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Pop Culture, Comics, and Book Ban Conversations at C2E2

C2E2 entrance

The Chicago Comic and Entertainment Expo (C2E2) rolled through the Windy City April 26-28, bringing with it thousands of fans and exhibitors of everything pop culture—from comics books to role-playing and video games to movies and beyond. The Midwest’s largest pop-culture convention, C2E2 welcomed more than 85,000 people for its three days at McCormick Place Convention Center just south of Chicago’s Loop.

At every turn, attendees cosplaying as Harry Potter, Star Wars, and Fallout characters, superheroes, and anime/manga favorites posed for photos and interacted with fans. Gamers practiced combat skills and discussed strategy. Hundreds of comic and graphic artists were on-hand to sell their wares, and vendors hawked everything from rare comic books worth thousands of dollars to toys and memorabilia. And, of course, the star power was out in force. Notable guests included “Stranger Things” and "Wildcat" star Maya Hawke; “Back to the Future” and "Taxi" star Christopher Lloyd; “Hannibal” co-stars Hugh Dancy and Mads Mikkelsen; filmmaker Kevin Smith and actor Jason Mewes, who were there to celebrate the 30th anniversary of “Clerks;” “Ted Lasso” stars Phil Dunster and Cristo Fernandez; “Alien” co-stars Tom Skerritt and Veronica Cartwright; and many, many more.

Amidst the pageantry and friendly chaos, however, was a multitude of panel discussions and workshops. These programs existed in the shadow of the commotion in the exhibit hall, but they gave C2E2 an essential education and learning component. Attendees had opportunities to learn about everything from comic book character creation to how to write a successful horror story. Given the literary underpinnings of almost every bit of media showcased at C2E2, it’s no surprise that book bans and libraries would be represented.

At “Keep Bans Off Our Books," Eti Berland, youth services school engagement librarian at Wilmette (Ill.) Public Library, led a panel of comic creators in a discussion of their works, graphic novels and literacy, and censorship. Guests included Hope Larson, Eisner Award–winning author of “Salt Magic,” “Batgirl,” “Be That Way,” and the Eagle Rock series; Ralph Shayne, author of “Hour of Need: The Daring Escape of the Danish Jews during World War II: A Graphic Novel;” Tony Dawkins, author of “Titan King;” and Chas! Pangburn and Kim Shearer, the brother-sister duo behind “Double Booking: The Tail of the Mummy Cat.”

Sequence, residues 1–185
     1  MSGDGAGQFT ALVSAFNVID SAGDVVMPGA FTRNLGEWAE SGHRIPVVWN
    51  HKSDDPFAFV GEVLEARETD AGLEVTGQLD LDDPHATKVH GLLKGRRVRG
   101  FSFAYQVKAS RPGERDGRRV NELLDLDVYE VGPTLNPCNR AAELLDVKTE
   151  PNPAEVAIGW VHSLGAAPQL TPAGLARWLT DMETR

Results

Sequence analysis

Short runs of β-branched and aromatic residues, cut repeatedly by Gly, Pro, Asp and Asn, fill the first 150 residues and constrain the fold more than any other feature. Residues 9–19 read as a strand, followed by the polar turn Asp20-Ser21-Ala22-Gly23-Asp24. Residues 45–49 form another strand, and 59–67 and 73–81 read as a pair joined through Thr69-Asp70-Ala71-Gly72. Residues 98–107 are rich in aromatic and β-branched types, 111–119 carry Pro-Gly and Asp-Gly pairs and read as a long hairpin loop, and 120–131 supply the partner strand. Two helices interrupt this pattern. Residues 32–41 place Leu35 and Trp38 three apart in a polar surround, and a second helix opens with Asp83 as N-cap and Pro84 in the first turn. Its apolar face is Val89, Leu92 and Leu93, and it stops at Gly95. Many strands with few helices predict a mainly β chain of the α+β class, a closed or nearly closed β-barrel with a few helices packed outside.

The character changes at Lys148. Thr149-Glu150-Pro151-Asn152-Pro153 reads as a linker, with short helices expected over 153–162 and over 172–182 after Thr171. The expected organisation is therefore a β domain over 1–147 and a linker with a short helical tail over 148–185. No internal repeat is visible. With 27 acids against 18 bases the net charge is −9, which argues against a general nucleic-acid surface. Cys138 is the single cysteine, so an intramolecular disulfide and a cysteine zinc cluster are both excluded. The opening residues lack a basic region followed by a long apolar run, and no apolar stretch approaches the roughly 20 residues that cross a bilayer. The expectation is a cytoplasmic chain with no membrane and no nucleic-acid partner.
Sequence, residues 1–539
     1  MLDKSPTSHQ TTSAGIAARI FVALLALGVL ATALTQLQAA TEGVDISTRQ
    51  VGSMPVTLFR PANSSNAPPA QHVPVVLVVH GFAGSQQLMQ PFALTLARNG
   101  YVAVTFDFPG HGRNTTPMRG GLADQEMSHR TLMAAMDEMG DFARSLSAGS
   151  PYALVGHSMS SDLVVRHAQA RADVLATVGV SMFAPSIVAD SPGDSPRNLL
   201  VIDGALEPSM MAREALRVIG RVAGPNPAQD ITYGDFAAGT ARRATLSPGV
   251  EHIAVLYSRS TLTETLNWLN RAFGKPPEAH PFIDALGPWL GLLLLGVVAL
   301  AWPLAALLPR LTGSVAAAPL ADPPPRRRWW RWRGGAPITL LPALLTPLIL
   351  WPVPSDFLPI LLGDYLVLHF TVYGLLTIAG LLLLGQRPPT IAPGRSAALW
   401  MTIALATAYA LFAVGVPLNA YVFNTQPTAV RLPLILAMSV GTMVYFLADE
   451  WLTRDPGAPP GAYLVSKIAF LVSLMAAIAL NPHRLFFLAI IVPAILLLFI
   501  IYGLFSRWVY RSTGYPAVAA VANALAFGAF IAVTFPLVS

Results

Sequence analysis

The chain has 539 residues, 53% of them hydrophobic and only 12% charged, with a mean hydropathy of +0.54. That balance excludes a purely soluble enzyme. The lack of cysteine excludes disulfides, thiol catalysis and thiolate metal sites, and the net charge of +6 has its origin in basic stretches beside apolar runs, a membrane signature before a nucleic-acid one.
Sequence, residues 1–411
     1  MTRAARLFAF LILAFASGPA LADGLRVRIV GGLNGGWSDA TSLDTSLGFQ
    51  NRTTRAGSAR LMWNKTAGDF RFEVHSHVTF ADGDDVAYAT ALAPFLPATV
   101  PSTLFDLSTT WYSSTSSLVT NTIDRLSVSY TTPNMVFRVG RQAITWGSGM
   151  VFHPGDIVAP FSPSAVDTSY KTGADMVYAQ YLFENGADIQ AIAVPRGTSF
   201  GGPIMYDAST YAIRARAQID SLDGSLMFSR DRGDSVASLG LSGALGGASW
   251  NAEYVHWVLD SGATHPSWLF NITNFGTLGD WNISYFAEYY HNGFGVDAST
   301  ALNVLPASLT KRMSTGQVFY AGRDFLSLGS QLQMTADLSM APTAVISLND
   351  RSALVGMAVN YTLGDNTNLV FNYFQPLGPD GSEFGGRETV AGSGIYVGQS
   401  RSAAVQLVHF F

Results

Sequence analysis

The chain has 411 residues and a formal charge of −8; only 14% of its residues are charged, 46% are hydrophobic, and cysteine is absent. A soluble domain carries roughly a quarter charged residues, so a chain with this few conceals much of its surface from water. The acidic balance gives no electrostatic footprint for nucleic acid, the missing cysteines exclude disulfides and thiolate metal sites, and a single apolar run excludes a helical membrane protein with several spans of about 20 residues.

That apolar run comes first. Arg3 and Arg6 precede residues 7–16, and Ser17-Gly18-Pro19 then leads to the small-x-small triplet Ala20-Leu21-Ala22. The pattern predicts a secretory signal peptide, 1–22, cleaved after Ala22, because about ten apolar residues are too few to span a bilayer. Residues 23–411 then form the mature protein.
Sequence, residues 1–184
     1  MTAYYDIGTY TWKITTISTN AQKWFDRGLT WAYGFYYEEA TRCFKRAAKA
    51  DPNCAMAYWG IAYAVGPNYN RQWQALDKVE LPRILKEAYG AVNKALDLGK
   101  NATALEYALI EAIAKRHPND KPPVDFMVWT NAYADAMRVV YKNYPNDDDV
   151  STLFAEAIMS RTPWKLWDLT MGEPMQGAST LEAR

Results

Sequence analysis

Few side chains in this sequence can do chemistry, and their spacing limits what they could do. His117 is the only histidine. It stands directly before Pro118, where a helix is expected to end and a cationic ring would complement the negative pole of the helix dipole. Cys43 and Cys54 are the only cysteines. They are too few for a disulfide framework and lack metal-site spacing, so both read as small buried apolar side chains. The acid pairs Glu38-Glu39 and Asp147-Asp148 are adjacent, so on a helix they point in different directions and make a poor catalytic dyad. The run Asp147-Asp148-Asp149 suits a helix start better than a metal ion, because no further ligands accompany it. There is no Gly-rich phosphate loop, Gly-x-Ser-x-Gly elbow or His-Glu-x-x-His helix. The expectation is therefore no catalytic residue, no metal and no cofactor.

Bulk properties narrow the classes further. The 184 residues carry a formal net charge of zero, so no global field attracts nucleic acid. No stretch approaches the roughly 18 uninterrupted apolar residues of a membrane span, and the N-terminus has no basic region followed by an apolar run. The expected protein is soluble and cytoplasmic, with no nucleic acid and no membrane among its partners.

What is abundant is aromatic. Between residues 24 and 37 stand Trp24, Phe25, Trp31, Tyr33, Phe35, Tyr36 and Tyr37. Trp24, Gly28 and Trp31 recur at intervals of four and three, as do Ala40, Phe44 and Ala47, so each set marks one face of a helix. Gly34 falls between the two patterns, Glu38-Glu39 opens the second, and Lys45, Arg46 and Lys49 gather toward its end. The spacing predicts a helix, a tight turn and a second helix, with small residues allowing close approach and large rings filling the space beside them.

“It’s really important when combatting censorship—at least in the classroom and in the library—to demonstrate that comics have literary merit and you can use comics as a vehicle for high-level learning,” said Shearer, who is also a school librarian. “I think some censorship is coming from a place of hatred, unfortunately, but the good news is that a lot of it is coming from people just not understanding the value in comics. And that one we can tackle much easier in terms of using it as a teachable moment.”

Shayne, whose graphic novel is about his family’s experiences during the Holocaust, looked to history to explain why book bans and information suppression are omnipresent.

“When I think of book bans, I think back to what I learned watching “Roots” in the 1970’s, which was how they subjugated Black people in this country in part by keeping them illiterate,” Shayne said. “And if you go back further to how the world changed with the invention of the printing press in the 1400s. That was really the first information revolution that took literacy from like 2% of the population and controlled by the churches to the mass population. [It shows] how important it is and how scary it is when you have a party trying to control information.”

When asked about resources that we can use to combat book bans, Shearer stressed that we need to do our civic duty.

“Vote,” she said. “Don’t sleep on those local elections. Think about your school boards. If you have a school-based decision-making council or local representation, tap into that local network. Use local librarians as a resource, retired librarians especially—they’ve got nothing to lose! They’ll get out there for you.”

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A small selection of the cosplayers at C2E2 2024.

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